Maybe He Should Have Told Them What Disguise To Wear In New York: There was really only one bad thing about the World Baseball Classic this year (other than the U.S. losing early again). And that was the in-game commercials featuring a grinning Bobby Valentine as a WBC ambassador for U.S. tourism that they showed on the stadium scoreboards. Each commercial began with Valentine talking about how baseball has taken him all around the world, but that the U.S. remains the country closest to his heart. Then photos of an unnamed U.S. city would be displayed with Bobby saying something like, "This is the largest city in the United States. You can visit the Empire State Building or see a show on Broadway. Which city is it? A) Nashville, B) Scranton, or C) New York City?'' I can understand why these commercials aired in other countries hosting the WBC, but I'm not sure American fans needed Bobby V telling them you can go to the Empire State Building in New York, golf in Phoenix, enjoy seafood in Seattle or see Hollywood stars in Los Angeles. &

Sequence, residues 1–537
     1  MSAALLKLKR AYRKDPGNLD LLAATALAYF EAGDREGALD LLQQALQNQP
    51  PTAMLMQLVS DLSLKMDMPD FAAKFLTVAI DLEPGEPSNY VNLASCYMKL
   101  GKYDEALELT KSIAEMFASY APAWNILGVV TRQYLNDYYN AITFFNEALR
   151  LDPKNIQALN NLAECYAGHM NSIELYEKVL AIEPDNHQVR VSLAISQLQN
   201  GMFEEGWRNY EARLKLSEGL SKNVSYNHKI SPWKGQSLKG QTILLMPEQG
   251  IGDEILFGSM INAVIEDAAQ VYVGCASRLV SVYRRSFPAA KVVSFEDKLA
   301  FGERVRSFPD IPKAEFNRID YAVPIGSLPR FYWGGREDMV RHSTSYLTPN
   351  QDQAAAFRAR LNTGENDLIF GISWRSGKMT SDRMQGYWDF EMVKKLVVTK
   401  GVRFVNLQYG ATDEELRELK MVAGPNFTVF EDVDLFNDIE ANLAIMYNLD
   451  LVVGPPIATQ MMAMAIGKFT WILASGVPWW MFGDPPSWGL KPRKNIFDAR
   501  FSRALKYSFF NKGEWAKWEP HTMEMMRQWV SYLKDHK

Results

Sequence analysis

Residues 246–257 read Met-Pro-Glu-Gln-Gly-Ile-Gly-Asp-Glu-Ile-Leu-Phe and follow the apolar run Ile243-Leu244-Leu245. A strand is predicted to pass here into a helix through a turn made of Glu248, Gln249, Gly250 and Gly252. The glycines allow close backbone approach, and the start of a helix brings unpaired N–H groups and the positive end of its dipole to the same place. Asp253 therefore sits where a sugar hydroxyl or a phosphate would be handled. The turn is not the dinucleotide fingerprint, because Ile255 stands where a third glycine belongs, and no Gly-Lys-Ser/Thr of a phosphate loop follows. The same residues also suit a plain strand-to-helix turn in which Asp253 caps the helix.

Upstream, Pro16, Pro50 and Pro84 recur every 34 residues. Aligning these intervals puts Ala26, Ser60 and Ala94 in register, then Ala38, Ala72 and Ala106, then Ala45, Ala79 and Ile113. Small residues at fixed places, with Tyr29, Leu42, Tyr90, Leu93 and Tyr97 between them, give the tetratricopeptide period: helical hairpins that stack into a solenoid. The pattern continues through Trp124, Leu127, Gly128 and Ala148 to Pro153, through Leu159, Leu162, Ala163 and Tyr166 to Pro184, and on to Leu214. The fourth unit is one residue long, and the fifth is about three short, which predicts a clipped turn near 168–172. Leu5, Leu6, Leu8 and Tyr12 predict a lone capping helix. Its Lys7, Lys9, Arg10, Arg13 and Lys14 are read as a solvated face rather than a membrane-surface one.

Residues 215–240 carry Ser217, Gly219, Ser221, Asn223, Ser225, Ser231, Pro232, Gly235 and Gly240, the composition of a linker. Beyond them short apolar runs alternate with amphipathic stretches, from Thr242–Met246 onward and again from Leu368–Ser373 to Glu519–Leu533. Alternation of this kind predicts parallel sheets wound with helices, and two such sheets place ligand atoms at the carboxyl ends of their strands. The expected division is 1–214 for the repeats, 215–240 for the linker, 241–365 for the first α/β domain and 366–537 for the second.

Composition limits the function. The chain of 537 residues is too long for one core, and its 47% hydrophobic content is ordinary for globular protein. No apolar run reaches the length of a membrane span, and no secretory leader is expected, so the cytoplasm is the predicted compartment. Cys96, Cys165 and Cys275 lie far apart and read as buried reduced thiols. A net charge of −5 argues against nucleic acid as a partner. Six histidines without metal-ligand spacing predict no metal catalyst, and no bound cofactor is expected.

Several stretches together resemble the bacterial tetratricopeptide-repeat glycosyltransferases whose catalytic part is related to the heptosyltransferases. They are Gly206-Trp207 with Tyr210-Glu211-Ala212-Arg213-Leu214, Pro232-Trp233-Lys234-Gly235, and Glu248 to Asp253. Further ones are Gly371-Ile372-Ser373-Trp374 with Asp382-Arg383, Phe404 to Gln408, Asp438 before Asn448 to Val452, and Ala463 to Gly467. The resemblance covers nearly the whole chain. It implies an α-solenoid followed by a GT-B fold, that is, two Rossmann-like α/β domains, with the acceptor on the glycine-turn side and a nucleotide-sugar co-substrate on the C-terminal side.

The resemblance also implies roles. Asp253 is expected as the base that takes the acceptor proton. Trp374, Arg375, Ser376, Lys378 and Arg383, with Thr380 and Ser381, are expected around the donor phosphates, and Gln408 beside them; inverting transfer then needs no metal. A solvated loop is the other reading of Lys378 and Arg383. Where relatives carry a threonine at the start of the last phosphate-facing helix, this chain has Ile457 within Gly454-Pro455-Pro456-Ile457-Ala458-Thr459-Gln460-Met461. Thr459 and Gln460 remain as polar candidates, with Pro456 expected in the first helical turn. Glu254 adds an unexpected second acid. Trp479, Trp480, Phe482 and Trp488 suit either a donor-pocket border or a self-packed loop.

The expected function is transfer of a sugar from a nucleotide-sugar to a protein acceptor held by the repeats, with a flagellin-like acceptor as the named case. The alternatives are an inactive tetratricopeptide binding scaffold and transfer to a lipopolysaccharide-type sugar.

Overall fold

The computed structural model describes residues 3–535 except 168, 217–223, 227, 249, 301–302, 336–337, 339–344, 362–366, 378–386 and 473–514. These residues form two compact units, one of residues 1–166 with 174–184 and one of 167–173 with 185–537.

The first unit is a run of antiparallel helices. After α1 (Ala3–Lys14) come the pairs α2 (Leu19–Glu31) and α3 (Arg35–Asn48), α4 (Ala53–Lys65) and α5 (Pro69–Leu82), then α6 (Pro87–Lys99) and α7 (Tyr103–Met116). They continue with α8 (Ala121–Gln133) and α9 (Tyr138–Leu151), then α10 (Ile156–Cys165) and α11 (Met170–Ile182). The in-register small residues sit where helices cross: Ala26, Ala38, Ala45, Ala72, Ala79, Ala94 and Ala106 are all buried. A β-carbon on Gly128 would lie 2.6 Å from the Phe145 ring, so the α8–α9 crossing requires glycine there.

There were two main clues. One was that Cuba was one of the teams, a pretty strong indication this was an international game. But which one? Team USA fans should have figured it out by the pitching line for Sheets. That would be Ben Sheets, who pitched a three-hit shutout in the gold medal game at the 2000 Olympics in Sydney, the only time America won gold in the sport it invented (baseball was a demonstration sport at the 1988 Olympics).
The U.S. hasn't had great success since then. It didn't even qualify for the 2004 Olympics, had to settle for bronze in 2008 (the last time baseball was an Olympic sport), and has failed to reach the final round in two of the three WBCs while never playing for the championship.
Here's hoping performances improve. After all, it is our national pastime.